As big fans of LinkedIn, we’re pleased to see Mountain View’s LinkedIn Corp. finally set up a Middle East and North Africa office. I am a keen business networker and I’m very happy with LinkedIn’s business focus and conservative approach to enabling business networking, even if it’s meant having to wait quite a long time for the current LinkedIn timeline, mobile apps and contact management tools that it boasts today. Joining LinkedIn’s network in 2004 and I’ve watched it grow, unaided by the Arab Spring, slowly, but surely in the region. However, the combination of the network adding new value-added social media features and the MENA region’s new-found enthusiasm for social networks has seen LinkedIn’s membership growth in the region gain real traction.
As mentioned in the official LinkedIn MENA launch press release, the biggest LinkedIn communities in the region are Pakistan, United Arab Emirates and Saudi Arabia. However, in common with many other digital portal office launches over the last few years, official figures seem to be in short supply.
LinkedIn has introduced country options for advertisers in the region, to allow companies to target specific MENA markets, phase-by-phase. Two or three years ago the targeting options for the region were pretty basic and you couldn’t target many MENA country markets at all. Today you can target GCC states, Jordan and Lebanon, plus Algeria, Egypt, Morocco and Tunisia in North Africa, or about 5 million targetable registered Linkedin users (6 million if you include Pakistan).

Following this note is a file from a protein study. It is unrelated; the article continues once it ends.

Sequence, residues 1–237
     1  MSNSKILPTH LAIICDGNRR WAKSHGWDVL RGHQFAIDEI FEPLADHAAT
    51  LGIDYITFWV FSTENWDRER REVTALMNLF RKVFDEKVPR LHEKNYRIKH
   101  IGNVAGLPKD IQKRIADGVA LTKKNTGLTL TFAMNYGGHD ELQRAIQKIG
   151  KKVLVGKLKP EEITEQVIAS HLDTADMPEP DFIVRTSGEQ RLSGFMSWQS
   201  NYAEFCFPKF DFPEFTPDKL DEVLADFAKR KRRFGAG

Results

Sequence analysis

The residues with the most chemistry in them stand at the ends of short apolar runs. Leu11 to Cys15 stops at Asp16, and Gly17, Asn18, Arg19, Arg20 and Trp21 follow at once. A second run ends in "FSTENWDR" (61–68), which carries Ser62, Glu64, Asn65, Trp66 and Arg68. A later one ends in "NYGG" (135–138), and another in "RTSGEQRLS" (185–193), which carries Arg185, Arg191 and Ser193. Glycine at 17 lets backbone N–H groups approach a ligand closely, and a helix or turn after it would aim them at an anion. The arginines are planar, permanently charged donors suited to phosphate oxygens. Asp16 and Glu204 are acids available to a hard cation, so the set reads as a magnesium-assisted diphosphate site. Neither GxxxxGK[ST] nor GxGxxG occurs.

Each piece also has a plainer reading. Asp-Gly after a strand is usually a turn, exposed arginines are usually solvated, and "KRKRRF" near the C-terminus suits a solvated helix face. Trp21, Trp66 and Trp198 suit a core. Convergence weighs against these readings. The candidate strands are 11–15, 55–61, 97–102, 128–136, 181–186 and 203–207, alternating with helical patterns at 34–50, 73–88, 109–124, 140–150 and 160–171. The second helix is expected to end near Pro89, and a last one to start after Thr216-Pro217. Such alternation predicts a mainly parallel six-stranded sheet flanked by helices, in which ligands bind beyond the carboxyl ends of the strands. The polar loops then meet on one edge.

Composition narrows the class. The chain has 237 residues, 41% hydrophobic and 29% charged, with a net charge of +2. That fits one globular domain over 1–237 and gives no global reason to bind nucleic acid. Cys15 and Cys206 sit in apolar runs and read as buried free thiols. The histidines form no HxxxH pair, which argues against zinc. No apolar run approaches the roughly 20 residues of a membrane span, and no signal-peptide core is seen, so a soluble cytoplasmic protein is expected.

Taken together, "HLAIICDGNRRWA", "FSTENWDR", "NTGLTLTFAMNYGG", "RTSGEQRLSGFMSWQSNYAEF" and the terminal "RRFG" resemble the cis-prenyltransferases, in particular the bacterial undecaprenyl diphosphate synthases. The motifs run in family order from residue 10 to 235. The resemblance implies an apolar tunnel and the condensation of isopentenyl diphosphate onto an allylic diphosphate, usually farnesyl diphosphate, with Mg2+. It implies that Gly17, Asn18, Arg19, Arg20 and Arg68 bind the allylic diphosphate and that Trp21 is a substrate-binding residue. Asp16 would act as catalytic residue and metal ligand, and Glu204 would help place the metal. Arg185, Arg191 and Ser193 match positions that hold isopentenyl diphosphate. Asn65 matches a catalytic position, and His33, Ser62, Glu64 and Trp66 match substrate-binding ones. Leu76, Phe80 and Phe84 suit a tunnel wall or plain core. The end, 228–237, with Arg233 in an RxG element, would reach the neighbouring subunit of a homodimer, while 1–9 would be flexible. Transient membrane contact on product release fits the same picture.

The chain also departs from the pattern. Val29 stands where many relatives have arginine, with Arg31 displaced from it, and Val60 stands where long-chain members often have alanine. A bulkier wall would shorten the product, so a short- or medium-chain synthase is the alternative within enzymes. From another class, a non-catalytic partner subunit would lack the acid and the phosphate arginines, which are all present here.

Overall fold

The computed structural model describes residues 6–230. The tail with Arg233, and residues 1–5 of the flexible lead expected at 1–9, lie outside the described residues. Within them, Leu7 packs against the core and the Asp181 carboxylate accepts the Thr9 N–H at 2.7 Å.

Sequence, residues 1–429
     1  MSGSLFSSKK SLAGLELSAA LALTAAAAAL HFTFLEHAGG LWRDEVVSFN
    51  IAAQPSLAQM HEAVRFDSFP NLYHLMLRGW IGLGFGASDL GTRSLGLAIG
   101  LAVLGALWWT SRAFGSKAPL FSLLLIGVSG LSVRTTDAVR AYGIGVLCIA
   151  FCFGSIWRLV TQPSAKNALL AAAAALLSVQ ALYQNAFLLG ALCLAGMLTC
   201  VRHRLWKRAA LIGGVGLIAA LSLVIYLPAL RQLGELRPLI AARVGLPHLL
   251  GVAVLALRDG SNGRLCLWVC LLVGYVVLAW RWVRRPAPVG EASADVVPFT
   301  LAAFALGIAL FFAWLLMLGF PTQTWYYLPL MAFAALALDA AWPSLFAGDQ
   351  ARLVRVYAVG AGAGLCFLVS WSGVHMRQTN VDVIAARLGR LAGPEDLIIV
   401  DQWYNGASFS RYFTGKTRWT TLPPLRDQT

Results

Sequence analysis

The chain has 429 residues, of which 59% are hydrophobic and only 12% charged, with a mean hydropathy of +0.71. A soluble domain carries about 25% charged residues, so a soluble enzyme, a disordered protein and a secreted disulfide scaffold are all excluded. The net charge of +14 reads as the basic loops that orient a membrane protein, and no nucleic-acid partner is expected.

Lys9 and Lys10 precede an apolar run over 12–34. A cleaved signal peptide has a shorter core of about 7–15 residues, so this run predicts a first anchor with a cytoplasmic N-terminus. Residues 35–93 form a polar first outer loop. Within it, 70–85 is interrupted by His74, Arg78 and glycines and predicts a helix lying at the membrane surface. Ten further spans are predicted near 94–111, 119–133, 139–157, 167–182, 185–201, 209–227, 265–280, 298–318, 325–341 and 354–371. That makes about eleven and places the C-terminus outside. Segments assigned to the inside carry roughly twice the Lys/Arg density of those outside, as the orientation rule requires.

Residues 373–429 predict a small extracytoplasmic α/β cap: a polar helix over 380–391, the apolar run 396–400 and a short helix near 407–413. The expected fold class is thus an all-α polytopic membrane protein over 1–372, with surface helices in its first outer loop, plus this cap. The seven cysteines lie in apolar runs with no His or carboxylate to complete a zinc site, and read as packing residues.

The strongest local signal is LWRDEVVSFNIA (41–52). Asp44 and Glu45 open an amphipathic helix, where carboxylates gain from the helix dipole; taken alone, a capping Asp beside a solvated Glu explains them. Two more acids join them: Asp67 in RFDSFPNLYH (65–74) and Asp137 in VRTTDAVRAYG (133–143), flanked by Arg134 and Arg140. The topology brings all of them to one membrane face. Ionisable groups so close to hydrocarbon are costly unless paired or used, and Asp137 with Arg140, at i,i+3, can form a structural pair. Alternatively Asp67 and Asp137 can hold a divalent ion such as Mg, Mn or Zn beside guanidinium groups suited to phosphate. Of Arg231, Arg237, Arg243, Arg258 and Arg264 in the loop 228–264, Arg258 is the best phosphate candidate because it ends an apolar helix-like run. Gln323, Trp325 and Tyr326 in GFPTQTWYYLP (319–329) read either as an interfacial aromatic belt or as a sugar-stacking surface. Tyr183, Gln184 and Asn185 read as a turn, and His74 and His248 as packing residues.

According to LinkedIn’s advertiser statistics the Pakistan leads the region in terms of numbers with 1.4 million registered users, the UAE is second with 1.1 million and Saudi Arabia is third with 0.775 million. We’ve been monitoring LinkedIn growth for some time and, as you might guess, growth really took off in 2011. The fastest growing LinkedIn community in the region is actually Saudi Arabia, which saw 140% growth from January 2011 to-date, while Pakistan saw 133% and the UAE, 99%. Jordan and Egypt are growing fast too, showing 132% and 127% increases on Jan 2011 membership figures respectively.
Overall, although strictly accurate calculations are not possible, membership in the Arab world has grown by about 140% since January 2011. That doesn’t quite match Facebook’s success in the Middle East, but it’s a lot more interesting to many of us interested in quality business-to-business networking.
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